Nat Friedman describes his experience using a student to take dictation for emails and code while recovering from a broken wrist:
He sits at the other end of my desk on a separate computer while I conduct the machine with my left hand, jumping from mail to mail, opening buffers, reading web pages, and generally doing the interactive low-latency low-volume typing tasks myself. He can see everything I’m doing because my desktop is shared over the network. And when I need to enter a large block of text, well, I just start talking, he types, and the words appear on the screen.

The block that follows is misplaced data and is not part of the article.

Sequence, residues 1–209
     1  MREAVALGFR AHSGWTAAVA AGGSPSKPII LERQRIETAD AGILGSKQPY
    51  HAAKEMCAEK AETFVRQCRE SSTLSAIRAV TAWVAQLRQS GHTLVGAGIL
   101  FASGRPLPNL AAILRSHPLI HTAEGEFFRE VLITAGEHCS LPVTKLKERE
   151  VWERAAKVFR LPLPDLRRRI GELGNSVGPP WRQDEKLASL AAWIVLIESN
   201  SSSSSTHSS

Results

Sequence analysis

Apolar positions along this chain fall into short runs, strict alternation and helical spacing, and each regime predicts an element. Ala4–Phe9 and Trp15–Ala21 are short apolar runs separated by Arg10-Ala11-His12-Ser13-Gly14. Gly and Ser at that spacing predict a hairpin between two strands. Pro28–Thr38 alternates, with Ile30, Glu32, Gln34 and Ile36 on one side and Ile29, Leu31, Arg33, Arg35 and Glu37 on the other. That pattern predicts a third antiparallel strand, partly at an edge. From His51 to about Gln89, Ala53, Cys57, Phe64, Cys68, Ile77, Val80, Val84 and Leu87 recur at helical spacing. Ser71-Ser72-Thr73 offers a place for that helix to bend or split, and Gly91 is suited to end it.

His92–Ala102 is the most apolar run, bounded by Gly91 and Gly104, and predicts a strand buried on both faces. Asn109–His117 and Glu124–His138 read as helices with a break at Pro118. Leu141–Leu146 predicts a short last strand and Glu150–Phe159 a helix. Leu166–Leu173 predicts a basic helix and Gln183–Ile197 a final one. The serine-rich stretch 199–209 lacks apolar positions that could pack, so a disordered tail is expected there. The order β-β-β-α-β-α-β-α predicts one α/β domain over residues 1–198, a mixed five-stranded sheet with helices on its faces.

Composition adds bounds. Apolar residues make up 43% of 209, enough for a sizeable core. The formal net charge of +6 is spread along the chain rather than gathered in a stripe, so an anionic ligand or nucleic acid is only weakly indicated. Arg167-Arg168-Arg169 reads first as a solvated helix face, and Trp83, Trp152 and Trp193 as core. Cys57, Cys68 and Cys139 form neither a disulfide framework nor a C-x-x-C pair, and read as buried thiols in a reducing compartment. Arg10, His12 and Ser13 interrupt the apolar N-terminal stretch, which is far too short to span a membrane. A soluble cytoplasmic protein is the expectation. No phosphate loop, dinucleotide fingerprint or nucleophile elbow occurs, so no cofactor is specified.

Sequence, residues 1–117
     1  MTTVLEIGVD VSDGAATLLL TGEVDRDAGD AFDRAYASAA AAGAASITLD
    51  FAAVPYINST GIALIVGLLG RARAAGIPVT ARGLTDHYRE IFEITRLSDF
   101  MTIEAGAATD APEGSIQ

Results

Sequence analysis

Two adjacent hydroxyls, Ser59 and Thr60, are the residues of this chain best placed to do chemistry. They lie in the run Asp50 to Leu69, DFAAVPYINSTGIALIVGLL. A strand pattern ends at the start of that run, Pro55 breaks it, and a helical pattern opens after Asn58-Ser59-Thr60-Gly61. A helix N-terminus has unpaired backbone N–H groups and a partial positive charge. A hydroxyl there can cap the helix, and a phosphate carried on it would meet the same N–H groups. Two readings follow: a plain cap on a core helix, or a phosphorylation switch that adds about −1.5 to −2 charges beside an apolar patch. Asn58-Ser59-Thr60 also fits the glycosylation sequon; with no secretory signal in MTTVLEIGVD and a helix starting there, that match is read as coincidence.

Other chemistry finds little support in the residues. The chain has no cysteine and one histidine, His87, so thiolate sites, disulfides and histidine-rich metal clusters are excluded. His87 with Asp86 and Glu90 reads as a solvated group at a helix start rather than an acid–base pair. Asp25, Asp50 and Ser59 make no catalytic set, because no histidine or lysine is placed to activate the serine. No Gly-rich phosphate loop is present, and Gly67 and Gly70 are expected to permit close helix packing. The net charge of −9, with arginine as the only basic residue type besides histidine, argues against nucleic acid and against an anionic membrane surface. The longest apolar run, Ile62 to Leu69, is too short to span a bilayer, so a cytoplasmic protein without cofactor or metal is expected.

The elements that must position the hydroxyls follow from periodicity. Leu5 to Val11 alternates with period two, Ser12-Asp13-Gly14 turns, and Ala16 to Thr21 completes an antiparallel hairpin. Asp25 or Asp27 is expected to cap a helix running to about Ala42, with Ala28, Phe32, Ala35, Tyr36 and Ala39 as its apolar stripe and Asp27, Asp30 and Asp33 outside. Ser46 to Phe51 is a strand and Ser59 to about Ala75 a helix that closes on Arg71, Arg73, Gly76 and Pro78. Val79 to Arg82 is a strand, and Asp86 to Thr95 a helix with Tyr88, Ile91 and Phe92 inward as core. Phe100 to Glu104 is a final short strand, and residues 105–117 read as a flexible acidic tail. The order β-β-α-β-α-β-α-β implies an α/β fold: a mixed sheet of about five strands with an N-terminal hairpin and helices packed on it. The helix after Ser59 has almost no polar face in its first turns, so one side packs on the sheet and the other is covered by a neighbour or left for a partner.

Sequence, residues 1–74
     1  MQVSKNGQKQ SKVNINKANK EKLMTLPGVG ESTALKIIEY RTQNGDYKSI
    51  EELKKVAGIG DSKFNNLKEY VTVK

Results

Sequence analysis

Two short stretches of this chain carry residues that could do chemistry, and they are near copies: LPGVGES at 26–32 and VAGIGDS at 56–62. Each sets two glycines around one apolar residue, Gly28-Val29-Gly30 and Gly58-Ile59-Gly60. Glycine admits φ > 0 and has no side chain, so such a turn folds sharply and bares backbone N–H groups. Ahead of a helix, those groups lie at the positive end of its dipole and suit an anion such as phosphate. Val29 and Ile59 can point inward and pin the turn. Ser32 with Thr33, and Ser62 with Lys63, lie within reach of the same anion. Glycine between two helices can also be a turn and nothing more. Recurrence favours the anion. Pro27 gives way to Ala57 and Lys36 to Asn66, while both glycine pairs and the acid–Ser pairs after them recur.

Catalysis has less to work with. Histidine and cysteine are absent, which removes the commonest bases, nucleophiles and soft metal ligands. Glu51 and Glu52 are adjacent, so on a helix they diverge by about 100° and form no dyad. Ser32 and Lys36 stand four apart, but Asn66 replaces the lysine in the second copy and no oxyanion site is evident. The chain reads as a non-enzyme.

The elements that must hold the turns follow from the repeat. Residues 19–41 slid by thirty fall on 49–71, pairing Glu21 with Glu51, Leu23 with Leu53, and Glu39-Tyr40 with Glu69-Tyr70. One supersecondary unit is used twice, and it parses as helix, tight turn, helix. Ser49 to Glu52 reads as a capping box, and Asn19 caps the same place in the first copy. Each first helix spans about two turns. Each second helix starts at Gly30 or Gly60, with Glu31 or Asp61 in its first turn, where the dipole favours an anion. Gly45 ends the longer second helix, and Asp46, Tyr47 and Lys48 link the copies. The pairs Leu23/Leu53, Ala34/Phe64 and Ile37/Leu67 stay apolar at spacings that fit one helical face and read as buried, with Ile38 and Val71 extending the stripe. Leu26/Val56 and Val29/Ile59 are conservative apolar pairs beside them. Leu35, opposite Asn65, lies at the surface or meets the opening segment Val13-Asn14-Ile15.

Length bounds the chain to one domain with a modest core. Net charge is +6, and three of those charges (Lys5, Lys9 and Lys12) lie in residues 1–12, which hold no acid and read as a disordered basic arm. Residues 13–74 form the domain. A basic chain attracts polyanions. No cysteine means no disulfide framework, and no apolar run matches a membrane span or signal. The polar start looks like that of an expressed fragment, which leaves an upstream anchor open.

If I don’t look up from the screen, I can pretend he’s not there and that I have the world’s most powerful speech recognition engine. So I have a sneak peek into what computers will be like when speech recognition works really well.
Also, it turns out that context is very important for accuracy:
It’s hard to recognize speech.
It’s hard to wreck a nice beach.